by David C. Grabbe
CGG Weekly, December 22, 2017
"Humility is not thinking less of yourself, but rather, thinking about yourself less."
As explained previously, God gives His people time to repent, but He is in no way idle during that time. Because He desires sons and daughters in His image, He is always working (John 5:17) to bring about His spiritual creation. In His goodness, He creates situations and events—from smitten consciences to large-scale calamities—to lead us to (or back to) the right path.
We can see this in the example of the ancient Israelites. As God gave them time to repent, He also sent messenger after messenger. Throughout His interactions with them, He made sure they, especially, were without excuse by sending prophets to remind them of His unchanging will, because He was doing them good. Prophets warned them from Moses through the time of the judges, up to the exile, and even after. God sent prophets both to the kings and to the nation. Prophets were such a constant feature in Israel that the people just tuned them out and typically persecuted and killed them. God gave His people time to repent, but they considered the lack of divine judgment as an open door to continue doing what they were doing (Ecclesiastes 8:11).
God sends us messages as well, though not in the same way. It could be in the weekly sermon or in a sermon from decades ago that is exactly what we need today to get back on track. If we need humbling, God may send a message through a means that we think is beneath us, so we have to humble ourselves even to receive it. This is a theme in the book of Habakkuk, where the prophet was dismayed because God chose to use a nation that he considered to be even worse than Judah. He was horrified that Judah would be corrected by so unworthy a people. With Naaman, God's message involved a slave girl and simple instructions instead of a wondrous work through a man of renown (II Kings 5:1-14). With Balaam, God sent His message through a beast of burden (Numbers 22:22-35).
When Isaiah says that God's thoughts are not our thoughts and His ways are not our ways (Isaiah 55:8), it indicates that His outworking will frequently contain surprises. How He demonstrates His kindness in leading us to repentance might be offensive to us, yet it will bear good fruit if we humble ourselves and follow it through.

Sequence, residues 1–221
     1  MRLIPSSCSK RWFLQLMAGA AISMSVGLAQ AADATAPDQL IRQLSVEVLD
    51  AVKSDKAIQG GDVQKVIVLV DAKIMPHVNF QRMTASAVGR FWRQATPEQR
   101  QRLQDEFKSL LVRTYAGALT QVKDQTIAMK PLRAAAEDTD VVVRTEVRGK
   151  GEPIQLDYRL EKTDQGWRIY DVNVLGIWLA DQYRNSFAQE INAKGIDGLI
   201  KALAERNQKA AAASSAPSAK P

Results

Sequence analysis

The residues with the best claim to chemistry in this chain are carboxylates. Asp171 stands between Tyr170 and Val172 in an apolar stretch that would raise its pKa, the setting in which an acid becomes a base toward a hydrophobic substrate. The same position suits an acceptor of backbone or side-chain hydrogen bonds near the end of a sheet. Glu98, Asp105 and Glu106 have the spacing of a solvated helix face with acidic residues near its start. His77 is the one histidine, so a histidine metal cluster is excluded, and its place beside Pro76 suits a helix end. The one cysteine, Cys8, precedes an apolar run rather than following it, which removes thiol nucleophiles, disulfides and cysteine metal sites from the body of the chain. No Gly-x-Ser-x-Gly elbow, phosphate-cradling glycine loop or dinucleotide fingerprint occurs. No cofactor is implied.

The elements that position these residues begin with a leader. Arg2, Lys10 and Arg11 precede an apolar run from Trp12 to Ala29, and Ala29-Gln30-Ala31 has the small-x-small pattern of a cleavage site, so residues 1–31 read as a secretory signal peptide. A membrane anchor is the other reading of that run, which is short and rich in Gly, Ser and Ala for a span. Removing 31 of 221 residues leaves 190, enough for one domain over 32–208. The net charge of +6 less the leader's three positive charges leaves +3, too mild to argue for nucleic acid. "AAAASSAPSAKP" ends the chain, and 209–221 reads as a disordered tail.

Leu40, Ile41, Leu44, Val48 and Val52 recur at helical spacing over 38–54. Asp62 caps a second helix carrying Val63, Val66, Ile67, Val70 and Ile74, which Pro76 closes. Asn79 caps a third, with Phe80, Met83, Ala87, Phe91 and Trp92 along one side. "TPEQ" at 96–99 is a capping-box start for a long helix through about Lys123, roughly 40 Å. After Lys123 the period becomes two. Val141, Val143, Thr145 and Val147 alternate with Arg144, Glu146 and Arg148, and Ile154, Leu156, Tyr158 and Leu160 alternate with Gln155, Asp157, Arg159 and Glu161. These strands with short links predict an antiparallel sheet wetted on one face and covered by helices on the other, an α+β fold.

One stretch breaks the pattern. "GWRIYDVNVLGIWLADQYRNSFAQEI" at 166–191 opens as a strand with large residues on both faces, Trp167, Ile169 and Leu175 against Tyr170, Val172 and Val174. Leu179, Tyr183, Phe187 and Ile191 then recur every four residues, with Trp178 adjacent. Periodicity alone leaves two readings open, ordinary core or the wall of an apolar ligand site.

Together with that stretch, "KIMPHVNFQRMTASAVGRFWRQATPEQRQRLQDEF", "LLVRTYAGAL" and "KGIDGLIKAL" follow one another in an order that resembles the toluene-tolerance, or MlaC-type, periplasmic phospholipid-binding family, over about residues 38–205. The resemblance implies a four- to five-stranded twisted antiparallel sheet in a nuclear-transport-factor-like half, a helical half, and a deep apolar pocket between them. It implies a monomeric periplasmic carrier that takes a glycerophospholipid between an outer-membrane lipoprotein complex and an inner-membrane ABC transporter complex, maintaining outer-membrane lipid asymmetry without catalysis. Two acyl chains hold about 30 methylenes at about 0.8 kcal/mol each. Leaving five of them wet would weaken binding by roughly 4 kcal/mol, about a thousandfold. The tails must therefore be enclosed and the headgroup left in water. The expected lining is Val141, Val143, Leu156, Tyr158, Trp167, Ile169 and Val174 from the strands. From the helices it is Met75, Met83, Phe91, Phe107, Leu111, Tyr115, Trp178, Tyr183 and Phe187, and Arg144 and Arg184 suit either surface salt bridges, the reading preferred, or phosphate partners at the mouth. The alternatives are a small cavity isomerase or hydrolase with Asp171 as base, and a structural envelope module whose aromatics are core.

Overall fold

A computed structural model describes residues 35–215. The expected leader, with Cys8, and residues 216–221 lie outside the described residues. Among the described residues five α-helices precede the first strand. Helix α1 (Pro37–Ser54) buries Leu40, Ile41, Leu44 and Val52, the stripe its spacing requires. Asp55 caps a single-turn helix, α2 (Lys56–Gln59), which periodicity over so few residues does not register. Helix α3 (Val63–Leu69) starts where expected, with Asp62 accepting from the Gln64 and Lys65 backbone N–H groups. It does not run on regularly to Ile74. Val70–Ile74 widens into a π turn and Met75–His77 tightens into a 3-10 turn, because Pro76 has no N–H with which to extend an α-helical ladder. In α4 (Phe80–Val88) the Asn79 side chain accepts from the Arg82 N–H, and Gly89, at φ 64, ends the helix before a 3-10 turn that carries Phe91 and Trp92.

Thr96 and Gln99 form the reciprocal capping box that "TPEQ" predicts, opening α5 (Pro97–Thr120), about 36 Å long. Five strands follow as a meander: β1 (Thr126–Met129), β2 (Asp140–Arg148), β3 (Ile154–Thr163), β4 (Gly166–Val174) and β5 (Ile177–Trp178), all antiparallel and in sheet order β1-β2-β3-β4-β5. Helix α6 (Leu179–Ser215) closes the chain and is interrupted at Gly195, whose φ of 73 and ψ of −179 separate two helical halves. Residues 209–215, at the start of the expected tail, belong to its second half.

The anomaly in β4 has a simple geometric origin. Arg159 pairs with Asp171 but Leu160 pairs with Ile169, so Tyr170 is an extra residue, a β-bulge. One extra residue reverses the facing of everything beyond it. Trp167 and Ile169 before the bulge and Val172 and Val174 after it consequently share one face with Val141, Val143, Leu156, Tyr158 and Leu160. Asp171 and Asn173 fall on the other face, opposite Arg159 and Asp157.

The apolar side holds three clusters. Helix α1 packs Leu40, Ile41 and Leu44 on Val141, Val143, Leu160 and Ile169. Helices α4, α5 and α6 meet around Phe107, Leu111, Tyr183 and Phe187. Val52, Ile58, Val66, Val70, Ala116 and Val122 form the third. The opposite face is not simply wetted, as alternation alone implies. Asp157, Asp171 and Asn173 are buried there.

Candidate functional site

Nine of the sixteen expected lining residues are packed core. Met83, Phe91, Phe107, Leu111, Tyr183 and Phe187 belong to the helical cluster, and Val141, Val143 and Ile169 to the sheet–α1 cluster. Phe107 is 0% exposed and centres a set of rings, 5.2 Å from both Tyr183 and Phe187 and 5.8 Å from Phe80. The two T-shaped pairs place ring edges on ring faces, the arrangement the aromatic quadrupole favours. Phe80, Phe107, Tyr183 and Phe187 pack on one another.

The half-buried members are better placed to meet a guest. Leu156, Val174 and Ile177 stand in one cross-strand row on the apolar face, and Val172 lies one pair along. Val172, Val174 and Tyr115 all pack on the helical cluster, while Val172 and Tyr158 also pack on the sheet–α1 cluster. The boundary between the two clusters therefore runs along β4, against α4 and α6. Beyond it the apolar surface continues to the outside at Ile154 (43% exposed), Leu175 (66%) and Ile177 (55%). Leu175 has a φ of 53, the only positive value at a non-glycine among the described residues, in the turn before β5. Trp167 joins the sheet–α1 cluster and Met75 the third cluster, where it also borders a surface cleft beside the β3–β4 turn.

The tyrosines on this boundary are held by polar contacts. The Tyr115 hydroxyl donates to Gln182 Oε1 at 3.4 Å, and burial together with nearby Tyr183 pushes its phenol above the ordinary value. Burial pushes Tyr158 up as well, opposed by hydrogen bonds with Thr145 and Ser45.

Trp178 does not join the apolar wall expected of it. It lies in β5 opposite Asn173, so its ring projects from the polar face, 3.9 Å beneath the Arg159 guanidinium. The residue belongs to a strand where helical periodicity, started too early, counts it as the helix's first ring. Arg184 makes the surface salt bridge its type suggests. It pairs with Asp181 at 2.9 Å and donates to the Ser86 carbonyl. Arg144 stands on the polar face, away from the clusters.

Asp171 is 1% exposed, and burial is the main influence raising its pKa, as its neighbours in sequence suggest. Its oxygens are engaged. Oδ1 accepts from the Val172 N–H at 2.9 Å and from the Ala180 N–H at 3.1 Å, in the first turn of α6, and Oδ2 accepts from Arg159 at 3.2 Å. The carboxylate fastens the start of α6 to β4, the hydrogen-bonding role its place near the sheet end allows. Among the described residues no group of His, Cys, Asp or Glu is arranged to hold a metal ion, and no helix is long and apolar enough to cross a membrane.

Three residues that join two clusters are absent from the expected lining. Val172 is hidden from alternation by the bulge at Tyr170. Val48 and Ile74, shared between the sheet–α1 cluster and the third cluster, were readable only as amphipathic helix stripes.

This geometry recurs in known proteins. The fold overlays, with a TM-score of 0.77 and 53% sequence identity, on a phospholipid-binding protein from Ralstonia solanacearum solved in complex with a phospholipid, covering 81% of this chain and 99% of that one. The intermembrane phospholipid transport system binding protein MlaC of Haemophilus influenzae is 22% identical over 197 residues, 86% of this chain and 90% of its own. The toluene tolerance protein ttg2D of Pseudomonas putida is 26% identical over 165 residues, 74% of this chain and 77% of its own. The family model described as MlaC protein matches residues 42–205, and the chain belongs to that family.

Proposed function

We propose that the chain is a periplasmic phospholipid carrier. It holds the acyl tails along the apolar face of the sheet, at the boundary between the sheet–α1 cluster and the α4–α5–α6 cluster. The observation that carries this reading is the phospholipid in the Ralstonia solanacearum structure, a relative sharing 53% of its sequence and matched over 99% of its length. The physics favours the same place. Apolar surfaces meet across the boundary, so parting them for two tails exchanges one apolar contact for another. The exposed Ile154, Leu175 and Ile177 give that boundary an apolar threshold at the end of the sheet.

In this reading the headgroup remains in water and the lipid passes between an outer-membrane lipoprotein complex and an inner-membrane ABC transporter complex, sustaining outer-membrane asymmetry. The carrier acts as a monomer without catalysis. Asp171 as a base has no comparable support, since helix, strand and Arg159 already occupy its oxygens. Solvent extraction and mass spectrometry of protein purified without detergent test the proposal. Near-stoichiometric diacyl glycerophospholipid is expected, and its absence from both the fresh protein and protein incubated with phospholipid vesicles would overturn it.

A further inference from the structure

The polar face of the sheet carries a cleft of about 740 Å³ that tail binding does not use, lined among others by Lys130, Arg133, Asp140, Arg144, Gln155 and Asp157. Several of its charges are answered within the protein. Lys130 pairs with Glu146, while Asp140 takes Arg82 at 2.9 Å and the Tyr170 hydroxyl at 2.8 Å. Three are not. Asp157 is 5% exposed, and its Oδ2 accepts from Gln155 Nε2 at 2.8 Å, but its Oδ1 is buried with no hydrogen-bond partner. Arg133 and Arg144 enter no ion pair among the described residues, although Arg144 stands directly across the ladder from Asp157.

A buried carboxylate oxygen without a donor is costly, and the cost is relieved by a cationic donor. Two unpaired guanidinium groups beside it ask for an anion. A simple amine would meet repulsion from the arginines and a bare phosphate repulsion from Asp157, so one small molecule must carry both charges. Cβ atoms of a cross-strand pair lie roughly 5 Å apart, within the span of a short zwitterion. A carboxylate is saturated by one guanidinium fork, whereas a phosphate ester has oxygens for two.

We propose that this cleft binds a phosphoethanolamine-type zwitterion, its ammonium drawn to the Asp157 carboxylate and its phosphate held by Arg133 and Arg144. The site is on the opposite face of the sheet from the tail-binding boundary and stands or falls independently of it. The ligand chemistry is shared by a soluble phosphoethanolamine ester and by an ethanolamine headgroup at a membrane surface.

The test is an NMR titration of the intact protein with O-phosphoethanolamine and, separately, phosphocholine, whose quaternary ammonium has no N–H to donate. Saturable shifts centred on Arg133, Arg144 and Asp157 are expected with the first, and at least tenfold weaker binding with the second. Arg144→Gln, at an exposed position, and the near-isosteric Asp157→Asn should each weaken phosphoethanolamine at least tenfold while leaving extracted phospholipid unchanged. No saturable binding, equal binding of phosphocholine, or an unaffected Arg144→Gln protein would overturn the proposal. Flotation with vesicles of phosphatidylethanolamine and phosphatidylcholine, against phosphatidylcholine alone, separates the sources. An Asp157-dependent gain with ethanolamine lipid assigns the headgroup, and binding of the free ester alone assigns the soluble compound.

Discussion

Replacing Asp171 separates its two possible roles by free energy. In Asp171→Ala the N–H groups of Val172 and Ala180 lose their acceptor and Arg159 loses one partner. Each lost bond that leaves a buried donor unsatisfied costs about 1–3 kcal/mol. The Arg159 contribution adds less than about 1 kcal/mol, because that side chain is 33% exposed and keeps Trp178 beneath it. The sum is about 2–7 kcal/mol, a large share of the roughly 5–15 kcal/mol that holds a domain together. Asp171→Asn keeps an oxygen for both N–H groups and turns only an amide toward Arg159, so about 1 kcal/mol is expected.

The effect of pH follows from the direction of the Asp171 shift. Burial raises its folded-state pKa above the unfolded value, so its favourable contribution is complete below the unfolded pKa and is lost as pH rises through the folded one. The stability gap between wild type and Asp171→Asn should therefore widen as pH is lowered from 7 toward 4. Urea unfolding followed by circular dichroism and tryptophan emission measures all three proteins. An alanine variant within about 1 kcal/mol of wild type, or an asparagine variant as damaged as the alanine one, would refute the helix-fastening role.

God gives us time to repent, and He also gives us reminders and helps along the way because He truly wants us to live as He does. Sometimes His reminders are soft, but at other times they are impossible to ignore as the spiritual danger to us grows. On occasion, God steps back and waits to see if we will turn back to Him on our own.
Quite a period of time elapsed between King David's notorious sins and God's sending of Nathan to help lead him to repentance (II Samuel 11-12). Yet, in experiencing the death of his child, as well as what was later done to his wives (II Samuel 16:20-22), the parts of God's law that David was ignoring were written on his heart in a profound and unforgettable way. That kindness from God, as grievous as it was, was far better than having his heart set in doing evil. David delayed, and God gave adequate time to repent until He knew it was no longer good for matters to continue as they were.
The time that God gives a person to repent can be a double-edged sword. God allows us time to make the right choices and become reconciled to Him, if we truly are inclined. But we can also misunderstand that grace period, concluding that what we or others have done really is not such a problem, and God must not be too concerned about it. As time progresses, it is easy to forget the gentle promptings or to override the conviction of sin that we felt momentarily and then let pass.
We may have silenced the alarm bells, just as Israel silenced the prophets. Perhaps we have numbed our conscience and explained away the nudges that God has given so that we no longer recognize them as coming from Him. The longer we put off making the necessary changes, the easier it is for us to turn away from God altogether. He is absolutely faithful to His covenant and will leave nothing undone in working on our behalf. However, He will not force us to take on His image if we choose the image of the world instead.
The prophet Isaiah issues this timeless call to repentance:
Seek the LORD while He may be found, call upon Him while He is near. Let the wicked forsake his way, and the unrighteous man his thoughts; let him return to the LORD, and He will have mercy on him; and [return] to our God, for He will abundantly pardon. (Isaiah 55:6-7)
There is a time when the Lord may be sought and found, but this implies that there is also a time when it is too late. God is merciful and generous in giving us the former, but it does not last forever. For the sake of His spiritual creation, the time also comes when He responds to our choices, whether good or evil. This is why the apostle Paul—held by many to be the "champion" of a "no works" theology—warns of the coming judgment based on what we choose to do now:
But in accordance with your hardness and your impenitent heart you are treasuring up for yourself wrath in the day of wrath and revelation of the righteous judgment of God, who "will render to each one according to his deeds": eternal life to those who by patient continuance in doing good seek for glory, honor, and immortality; but to those who are self-seeking and do not obey the truth, but obey unrighteousness—indignation and wrath, tribulation and anguish, on every soul of man who does evil, of the Jew first and also of the Greek; but glory, honor, and peace to everyone who works what is good, to the Jew first and also to the Greek. For there is no partiality with God. (Romans 2:5-11)
In light of this, let us redeem the time that remains (Ephesians 5:16) and turn back to God in whatever ways we have strayed from Him.